American composer Karl Richard Korte was born in Ossining, New York on 23 June 1928 and grew up in New Jersey, where he was first exposed to serious music by his sculptor father. He played trumpet in the US First Army Band, then studied at Juilliard with William Bergsma, Peter Mennin and Vincent Persichetti. Later, his composition teachers were Aaron Copland, Otto Luening and Goffredo Petrassi.
His music, for electroacoustic ensembles, chamber groups, orchestras and choirs, has a wide scope and variety that makes it difficult to classify, but is influenced by the classical/Romantic tradition, Spanish folk music, serialism and mid-twentieth century avant-garde conceptualism.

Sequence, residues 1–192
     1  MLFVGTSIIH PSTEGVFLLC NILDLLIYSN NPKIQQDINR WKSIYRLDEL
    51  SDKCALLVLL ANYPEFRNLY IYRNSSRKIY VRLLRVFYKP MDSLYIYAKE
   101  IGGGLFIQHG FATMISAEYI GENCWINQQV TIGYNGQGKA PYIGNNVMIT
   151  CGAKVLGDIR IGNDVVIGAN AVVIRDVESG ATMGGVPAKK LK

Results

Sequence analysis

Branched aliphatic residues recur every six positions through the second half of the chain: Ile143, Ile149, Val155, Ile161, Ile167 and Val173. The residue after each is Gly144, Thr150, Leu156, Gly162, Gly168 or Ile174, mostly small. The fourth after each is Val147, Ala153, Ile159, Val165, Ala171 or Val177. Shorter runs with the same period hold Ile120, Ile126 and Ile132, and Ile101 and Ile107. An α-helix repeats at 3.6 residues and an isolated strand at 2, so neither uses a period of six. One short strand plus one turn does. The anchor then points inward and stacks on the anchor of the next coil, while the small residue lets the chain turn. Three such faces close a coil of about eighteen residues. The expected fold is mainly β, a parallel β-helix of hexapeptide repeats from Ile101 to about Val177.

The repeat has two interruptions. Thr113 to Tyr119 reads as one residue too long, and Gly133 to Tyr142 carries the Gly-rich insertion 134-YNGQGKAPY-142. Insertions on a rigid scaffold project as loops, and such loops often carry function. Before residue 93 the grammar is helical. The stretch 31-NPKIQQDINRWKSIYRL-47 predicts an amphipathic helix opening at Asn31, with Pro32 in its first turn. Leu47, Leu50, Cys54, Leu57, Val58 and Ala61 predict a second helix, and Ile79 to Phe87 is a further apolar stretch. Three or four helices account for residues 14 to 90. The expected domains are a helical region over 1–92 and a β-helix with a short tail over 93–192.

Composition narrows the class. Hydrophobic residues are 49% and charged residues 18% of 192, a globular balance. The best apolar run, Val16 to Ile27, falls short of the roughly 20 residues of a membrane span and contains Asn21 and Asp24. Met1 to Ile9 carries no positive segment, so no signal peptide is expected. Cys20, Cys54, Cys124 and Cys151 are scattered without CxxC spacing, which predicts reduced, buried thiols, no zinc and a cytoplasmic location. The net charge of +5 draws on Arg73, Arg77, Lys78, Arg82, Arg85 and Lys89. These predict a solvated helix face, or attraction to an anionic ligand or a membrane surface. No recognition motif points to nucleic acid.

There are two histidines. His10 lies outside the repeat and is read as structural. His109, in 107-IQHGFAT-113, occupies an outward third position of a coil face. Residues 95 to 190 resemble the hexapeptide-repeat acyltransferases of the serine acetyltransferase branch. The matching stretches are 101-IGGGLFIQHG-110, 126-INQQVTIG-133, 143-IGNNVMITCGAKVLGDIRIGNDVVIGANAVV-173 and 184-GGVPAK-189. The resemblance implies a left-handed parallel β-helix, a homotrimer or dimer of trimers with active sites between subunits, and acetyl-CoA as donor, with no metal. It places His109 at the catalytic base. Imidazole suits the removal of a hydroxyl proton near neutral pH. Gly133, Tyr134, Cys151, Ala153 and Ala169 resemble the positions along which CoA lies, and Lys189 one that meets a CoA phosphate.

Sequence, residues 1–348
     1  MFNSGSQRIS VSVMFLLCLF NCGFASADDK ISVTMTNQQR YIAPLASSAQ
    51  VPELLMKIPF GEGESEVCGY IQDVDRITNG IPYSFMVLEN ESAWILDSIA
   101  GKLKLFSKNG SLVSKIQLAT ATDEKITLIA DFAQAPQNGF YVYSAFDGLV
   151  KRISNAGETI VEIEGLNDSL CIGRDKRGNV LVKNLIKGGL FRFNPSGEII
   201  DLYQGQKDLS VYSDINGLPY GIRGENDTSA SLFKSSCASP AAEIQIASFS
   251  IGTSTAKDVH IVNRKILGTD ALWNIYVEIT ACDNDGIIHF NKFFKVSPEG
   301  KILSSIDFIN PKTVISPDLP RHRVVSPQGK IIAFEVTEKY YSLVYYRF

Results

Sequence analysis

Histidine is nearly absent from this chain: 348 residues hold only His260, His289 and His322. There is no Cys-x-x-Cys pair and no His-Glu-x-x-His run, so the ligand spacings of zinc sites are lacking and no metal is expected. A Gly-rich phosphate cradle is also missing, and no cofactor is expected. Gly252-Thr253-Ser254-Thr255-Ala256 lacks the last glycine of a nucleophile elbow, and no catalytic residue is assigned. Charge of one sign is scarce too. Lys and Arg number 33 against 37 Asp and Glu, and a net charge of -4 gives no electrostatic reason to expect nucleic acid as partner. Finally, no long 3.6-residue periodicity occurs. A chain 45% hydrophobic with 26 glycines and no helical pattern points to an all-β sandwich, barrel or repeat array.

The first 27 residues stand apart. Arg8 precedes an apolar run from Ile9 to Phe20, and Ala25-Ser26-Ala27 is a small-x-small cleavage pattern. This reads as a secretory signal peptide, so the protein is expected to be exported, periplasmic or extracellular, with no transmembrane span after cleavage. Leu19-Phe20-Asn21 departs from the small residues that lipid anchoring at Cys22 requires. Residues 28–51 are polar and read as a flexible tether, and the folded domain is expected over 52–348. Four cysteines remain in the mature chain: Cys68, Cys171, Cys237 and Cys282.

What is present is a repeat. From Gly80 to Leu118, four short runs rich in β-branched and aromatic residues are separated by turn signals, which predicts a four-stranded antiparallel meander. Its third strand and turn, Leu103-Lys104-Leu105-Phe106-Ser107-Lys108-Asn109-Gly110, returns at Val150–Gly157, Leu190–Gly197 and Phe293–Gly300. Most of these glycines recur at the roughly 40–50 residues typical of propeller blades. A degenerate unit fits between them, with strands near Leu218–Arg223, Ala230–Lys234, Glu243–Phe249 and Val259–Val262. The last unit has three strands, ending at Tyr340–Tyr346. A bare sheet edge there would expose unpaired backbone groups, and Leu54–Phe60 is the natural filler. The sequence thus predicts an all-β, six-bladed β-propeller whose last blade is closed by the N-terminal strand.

His 1971 Remembrances for flute and synthesised processed sound was one of the first of several compositions combining live performers with recorded sounds, in which Korte was interested in blurring the distinctions between the live and recorded aspects of the performance.
In 2002 his Blake settings Four Songs of Experience (SSA and piano) and Holy Thursday (SATB and piano) were both awarded Top Honours in the international Waging Peace Through Singing competition.
He received a MacDowell Fellowship (1958), Guggenheim Fellowships in 1959 and 1970, Fulbright Awards allowing him to travel to Italy and New Zealand, and second prize in Belgium's Queen Elisabeth Music Competition in 1969.
He taught at Arizona State University (1963-4), the State University of New York at Binghamton (1964-71), the University of Texas at Austin (1971-1997) and Williams College, Williamstown, Massachusetts (1997-2000).
Karl Korte died on 27 March 2022, aged ninety-one.